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Third Party Packages#

We've just done a big upgrade of the existing packages on our system. Let's now knock down two bottles with a single stone:

  1. Install a new, third party repository
  2. Install some new software from the repository

Adding Apt Repositories#

We need to install nginx, a web server, so that we can serve a staic website from our server. The repository is maintain by the official nginx developers at nginx.org and it offers the latest versions of nginx available.

First, nginx has some dependencies before it can run, so let's install those now. We're about to use apt install for the first time.

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sudo apt install curl gnupg2 ca-certificates lsb-release ubuntu-keyring

That installed only 1 new package on my system. Your results might vary.

Now we need a GPG key. This is a public key like cryptographic component that's used to securely sign the packages inside the repository. This helps to guarantee that the package you download was created by the nginx developers and hasn't been changed whilst you were downloading it to your system. Apt takes care of checking all of this for you.

Run this: curl https://nginx.org/keys/nginx_signing.key | gpg --dearmor | sudo tee /usr/share/keyrings/nginx-archive-keyring.gpg >/dev/null

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superman@develop:~$ curl https://nginx.org/keys/nginx_signing.key | gpg --dearmor | sudo tee /usr/share/keyrings/nginx-archive-keyring.gpg >/dev/null
  % Total    % Received % Xferd  Average Speed   Time    Time     Time  Current
                                 Dload  Upload   Total   Spent    Left  Speed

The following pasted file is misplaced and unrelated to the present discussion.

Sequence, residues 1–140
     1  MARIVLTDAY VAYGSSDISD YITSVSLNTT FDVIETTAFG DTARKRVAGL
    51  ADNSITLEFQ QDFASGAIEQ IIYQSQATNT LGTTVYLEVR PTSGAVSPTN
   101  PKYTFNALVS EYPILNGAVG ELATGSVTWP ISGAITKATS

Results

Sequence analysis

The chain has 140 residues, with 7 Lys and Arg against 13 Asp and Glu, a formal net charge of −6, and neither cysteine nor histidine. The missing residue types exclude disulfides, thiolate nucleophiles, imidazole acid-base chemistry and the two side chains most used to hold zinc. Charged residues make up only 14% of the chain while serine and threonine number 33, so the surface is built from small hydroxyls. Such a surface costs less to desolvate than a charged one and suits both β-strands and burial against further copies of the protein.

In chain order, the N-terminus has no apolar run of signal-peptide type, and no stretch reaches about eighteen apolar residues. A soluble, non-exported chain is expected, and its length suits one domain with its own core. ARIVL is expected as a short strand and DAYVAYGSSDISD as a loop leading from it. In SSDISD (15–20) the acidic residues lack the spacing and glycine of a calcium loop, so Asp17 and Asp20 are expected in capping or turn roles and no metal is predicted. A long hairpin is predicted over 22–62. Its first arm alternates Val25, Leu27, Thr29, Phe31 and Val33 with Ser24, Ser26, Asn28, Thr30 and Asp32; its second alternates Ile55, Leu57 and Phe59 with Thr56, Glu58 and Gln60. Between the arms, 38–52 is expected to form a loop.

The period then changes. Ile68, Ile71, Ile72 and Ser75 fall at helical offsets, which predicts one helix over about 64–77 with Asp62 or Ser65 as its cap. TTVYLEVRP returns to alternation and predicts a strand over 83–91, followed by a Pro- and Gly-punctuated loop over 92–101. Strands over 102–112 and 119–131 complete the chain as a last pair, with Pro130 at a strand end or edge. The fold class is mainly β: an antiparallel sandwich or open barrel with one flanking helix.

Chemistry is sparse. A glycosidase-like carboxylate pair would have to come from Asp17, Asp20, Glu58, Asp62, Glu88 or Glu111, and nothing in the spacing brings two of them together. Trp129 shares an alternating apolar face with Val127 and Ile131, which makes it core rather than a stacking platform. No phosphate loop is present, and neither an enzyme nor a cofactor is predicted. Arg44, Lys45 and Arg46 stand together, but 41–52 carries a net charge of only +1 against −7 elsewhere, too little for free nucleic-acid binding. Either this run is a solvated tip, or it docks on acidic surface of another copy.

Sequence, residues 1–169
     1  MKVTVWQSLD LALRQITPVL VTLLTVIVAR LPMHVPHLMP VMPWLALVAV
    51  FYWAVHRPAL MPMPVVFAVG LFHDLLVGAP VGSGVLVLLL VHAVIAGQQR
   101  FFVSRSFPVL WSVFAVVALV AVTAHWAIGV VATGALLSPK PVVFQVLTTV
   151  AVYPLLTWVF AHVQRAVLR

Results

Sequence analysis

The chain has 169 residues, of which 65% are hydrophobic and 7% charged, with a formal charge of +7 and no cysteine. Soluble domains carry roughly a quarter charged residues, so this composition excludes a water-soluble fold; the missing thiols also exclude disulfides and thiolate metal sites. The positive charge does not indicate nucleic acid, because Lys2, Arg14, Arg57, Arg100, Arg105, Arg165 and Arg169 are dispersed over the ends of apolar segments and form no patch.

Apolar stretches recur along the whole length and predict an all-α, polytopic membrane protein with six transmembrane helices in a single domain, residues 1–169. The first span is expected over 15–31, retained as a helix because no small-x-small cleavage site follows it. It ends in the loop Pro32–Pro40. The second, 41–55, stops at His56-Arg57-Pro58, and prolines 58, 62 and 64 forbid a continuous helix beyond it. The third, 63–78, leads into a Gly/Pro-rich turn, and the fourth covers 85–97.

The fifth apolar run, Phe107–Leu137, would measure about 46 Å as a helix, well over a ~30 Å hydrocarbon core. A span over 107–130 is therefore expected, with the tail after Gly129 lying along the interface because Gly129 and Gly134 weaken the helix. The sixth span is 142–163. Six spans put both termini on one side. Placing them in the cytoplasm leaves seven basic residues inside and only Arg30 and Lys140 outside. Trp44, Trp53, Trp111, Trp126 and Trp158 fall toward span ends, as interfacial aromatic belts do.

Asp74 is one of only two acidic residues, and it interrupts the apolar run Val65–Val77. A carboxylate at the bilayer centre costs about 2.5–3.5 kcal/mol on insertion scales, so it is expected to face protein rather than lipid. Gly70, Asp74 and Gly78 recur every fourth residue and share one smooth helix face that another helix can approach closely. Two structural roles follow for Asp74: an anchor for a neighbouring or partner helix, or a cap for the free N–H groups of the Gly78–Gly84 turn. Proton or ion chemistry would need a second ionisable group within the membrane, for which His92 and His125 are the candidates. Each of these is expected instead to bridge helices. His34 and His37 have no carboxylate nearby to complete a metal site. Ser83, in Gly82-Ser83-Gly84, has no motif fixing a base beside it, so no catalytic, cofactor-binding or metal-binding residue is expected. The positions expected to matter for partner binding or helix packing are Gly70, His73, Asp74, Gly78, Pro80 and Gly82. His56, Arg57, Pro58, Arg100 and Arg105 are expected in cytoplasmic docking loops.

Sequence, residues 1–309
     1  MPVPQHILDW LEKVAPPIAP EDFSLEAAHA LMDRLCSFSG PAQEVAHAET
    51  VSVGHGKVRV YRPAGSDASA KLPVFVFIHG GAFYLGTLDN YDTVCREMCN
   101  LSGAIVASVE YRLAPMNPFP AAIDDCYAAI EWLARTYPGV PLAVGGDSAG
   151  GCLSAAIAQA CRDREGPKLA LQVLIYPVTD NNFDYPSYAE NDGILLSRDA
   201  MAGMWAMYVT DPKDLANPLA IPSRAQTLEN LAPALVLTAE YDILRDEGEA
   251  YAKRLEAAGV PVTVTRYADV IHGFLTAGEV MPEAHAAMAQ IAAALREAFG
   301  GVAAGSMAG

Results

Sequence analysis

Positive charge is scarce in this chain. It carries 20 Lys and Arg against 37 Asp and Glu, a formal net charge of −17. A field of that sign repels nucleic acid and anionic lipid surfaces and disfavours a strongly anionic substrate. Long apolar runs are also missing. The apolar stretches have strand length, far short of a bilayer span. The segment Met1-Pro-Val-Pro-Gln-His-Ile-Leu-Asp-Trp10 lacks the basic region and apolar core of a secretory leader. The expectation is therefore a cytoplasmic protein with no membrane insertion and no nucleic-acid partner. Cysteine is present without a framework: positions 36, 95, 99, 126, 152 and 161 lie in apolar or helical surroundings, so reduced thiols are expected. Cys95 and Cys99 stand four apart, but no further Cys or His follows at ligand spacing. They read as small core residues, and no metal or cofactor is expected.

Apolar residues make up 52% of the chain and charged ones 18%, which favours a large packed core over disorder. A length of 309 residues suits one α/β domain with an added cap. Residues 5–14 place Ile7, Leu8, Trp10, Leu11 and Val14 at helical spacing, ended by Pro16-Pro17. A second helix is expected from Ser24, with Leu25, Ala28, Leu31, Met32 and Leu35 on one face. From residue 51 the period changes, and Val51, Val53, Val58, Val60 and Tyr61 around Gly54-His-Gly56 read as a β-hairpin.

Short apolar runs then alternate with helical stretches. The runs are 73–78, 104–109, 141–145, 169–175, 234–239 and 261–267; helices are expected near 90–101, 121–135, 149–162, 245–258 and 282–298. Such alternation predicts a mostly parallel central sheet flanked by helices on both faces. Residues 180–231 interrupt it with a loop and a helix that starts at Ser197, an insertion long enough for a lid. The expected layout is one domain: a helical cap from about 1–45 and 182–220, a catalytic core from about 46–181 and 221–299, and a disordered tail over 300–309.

100  1561  100  1561    0     0   1255      0  0:00:01  0:00:01 --:--:--  1255

We're using a very powerful tool called curl to download https://nginx.org/keys/nginx_signing.key (note how it's downloading over HTTPS? That makes downloading this file secure.) We then pipe (|) the stdout from the curl command into the stdin of the gpg command. The gpg command then saves the signing key locally and it can now be used to verify packages from the nginx developers and their apt repository. We can even test this: gpg --dry-run --quiet --import --import-options import-show /usr/share/keyrings/nginx-archive-keyring.gpg

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superman@develop:~$ gpg --dry-run --quiet --import --import-options import-show /usr/share/keyrings/nginx-archive-keyring.gpg
pub   rsa2048 2011-08-19 [SC] [expires: 2024-06-14]
      573BFD6B3D8FBC641079A6ABABF5BD827BD9BF62
uid                      nginx signing key <signing-key@nginx.com>

We have a public key that will expire in 2024-06-14.

Now let's add the Apt repository:

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echo "deb [signed-by=/usr/share/keyrings/nginx-archive-keyring.gpg] http://nginx.org/packages/ubuntu `lsb_release -cs` nginx" | sudo tee /etc/apt/sources.list.d/nginx.list

And I get:

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superman@develop:~$ echo "deb [signed-by=/usr/share/keyrings/nginx-archive-keyring.gpg] \
> http://nginx.org/packages/ubuntu `lsb_release -cs` nginx" \
>     | sudo tee /etc/apt/sources.list.d/nginx.list
deb [signed-by=/usr/share/keyrings/nginx-archive-keyring.gpg] http://nginx.org/packages/ubuntu focal nginx

We're using echo to print a string. The string has some sneaky tricks embedded in it:

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`lsb_release -cs`